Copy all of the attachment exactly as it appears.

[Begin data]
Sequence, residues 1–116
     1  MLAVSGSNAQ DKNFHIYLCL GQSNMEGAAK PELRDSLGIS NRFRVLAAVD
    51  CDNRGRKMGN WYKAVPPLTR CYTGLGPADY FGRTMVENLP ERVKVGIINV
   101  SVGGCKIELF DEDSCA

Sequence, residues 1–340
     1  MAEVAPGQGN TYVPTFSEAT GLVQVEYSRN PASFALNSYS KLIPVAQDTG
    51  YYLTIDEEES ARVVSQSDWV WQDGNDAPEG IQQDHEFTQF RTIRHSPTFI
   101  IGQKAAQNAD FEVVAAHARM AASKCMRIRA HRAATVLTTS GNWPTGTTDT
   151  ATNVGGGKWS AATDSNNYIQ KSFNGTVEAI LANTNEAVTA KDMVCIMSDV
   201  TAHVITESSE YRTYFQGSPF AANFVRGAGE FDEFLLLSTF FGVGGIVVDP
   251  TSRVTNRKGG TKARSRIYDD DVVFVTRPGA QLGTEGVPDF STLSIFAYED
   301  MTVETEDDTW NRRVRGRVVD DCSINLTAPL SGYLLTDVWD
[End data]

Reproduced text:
Sequence, residues 1–116
     1  MLAVSGSNAQ DKNFHIYLCL GQSNMEGAAK PELRDSLGIS NRFRVLAAVD
    51  CDNRGRKMGN WYKAVPPLTR CYTGLGPADY FGRTMVENLP ERVKVGIINV
   101  SVGGCKIELF DEDSCA

Sequence, residues 1–340
     1  MAEVAPGQGN TYVPTFSEAT GLVQVEYSRN PASFALNSYS KLIPVAQDTG
    51  YYLTIDEEES ARVVSQSDWV WQDGNDAPEG IQQDHEFTQF RTIRHSPTFI
   101  IGQKAAQNAD FEVVAAHARM AASKCMRIRA HRAATVLTTS GNWPTGTTDT
   151  ATNVGGGKWS AATDSNNYIQ KSFNGTVEAI LANTNEAVTA KDMVCIMSDV
   201  TAHVITESSE YRTYFQGSPF AANFVRGAGE FDEFLLLSTF FGVGGIVVDP
   251  TSRVTNRKGG TKARSRIYDD DVVFVTRPGA QLGTEGVPDF STLSIFAYED
   301  MTVETEDDTW NRRVRGRVVD DCSINLTAPL SGYLLTDVWD